Another group is called Asian or Japanese type cucumbers (Figure 3). They produce long, slender, thin-skinned cucumbers, similar to the European type cucumbers. Asian type cucumbers are not originally bred for greenhouse production that might explain why they are generally tougher and earlier to grow than European type cucumbers. Another advantage of the Asian type cucumber compared to European type cucumber is that they are less likely to produce misshaped fruit if they are pollinated, which could happen in semi-opened high tunnel situation. Some of the Asian type cucumbers are parthenocarpic that are well adapted to greenhouse/high tunnel production, however, the majority of this type of cucumber plants is monoecious producing both male and female flowers.

Figure 3. A Japanese type cucumber grown in a high tunnel.

Figure 3. A Japanese type cucumber grown in a high tunnel.

Seed cost. Seed cost is one of the important considerations in choosing cucumber varieties grown in high tunnels. The price of parthenocarpic cucumber seeds varies dramatically among different types. The most expensive seed is the European type cucumbers, seed cost could be as high as $1 per seed. Seed price for Asian type cucumbers is the lowest, less than $0.1 per seed. Seed price might not be a big concern if one cucumber plant can continuously produce for three months or longer, but if the plants died from diseases after producing only for a few weeks, and then require replanting, seed cost would be an important consideration in the decision of choosing cucumber varieties for high tunnel production.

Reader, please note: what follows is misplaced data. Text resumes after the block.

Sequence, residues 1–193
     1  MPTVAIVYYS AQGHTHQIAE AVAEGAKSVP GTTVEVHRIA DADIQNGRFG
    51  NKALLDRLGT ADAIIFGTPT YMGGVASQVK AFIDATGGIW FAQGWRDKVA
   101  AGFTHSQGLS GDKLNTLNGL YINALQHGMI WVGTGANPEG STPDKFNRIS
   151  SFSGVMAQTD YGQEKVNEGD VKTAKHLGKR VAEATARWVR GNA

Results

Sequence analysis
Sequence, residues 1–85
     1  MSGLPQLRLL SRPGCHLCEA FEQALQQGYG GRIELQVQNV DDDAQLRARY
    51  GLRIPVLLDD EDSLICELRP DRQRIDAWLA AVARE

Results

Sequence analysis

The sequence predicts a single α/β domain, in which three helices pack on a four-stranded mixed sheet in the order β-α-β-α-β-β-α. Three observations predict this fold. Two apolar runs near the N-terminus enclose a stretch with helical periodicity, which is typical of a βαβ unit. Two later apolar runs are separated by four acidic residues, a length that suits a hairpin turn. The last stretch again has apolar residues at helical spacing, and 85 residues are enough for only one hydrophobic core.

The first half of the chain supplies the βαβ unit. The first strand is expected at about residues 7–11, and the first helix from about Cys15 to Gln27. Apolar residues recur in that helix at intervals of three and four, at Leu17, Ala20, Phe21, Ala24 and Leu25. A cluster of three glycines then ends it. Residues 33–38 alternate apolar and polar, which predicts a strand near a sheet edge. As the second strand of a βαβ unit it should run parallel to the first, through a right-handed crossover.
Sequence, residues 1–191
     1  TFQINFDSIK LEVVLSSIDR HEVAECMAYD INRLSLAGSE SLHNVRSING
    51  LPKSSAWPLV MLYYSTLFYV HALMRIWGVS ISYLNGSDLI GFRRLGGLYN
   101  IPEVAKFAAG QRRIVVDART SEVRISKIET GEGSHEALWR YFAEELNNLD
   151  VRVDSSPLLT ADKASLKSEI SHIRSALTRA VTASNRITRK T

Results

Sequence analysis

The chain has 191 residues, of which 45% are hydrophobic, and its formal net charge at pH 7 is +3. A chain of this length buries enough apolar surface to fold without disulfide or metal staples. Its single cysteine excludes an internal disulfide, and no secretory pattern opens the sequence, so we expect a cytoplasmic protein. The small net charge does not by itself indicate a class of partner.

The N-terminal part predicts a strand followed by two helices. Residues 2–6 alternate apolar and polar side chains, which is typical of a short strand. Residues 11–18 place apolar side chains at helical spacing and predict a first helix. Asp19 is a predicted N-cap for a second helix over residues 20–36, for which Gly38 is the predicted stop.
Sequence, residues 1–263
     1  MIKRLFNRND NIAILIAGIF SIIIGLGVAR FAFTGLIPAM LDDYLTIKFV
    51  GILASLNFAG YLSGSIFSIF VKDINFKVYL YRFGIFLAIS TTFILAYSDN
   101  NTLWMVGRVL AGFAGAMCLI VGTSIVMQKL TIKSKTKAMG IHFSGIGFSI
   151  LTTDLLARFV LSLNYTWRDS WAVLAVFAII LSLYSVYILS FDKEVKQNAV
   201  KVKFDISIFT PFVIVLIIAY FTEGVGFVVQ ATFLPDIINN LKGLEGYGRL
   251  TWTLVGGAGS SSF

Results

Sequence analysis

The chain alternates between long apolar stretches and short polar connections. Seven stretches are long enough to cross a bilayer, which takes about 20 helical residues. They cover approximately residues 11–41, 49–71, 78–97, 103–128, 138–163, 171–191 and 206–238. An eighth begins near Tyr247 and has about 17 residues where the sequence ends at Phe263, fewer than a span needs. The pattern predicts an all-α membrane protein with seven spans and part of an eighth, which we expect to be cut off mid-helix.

In summary, when choosing seedless cucumbers to be grown in high tunnels. Yield, fruit quality, consumer preference, and seed price should all be considered. Another important factor is disease resistance that we will discuss in the future articles.

This project is supported by NC-SARE under project number LNC17-390 ‘Improving Seedless Cucumber Production to Diversity High Tunnel Crops in the North Central Region‘.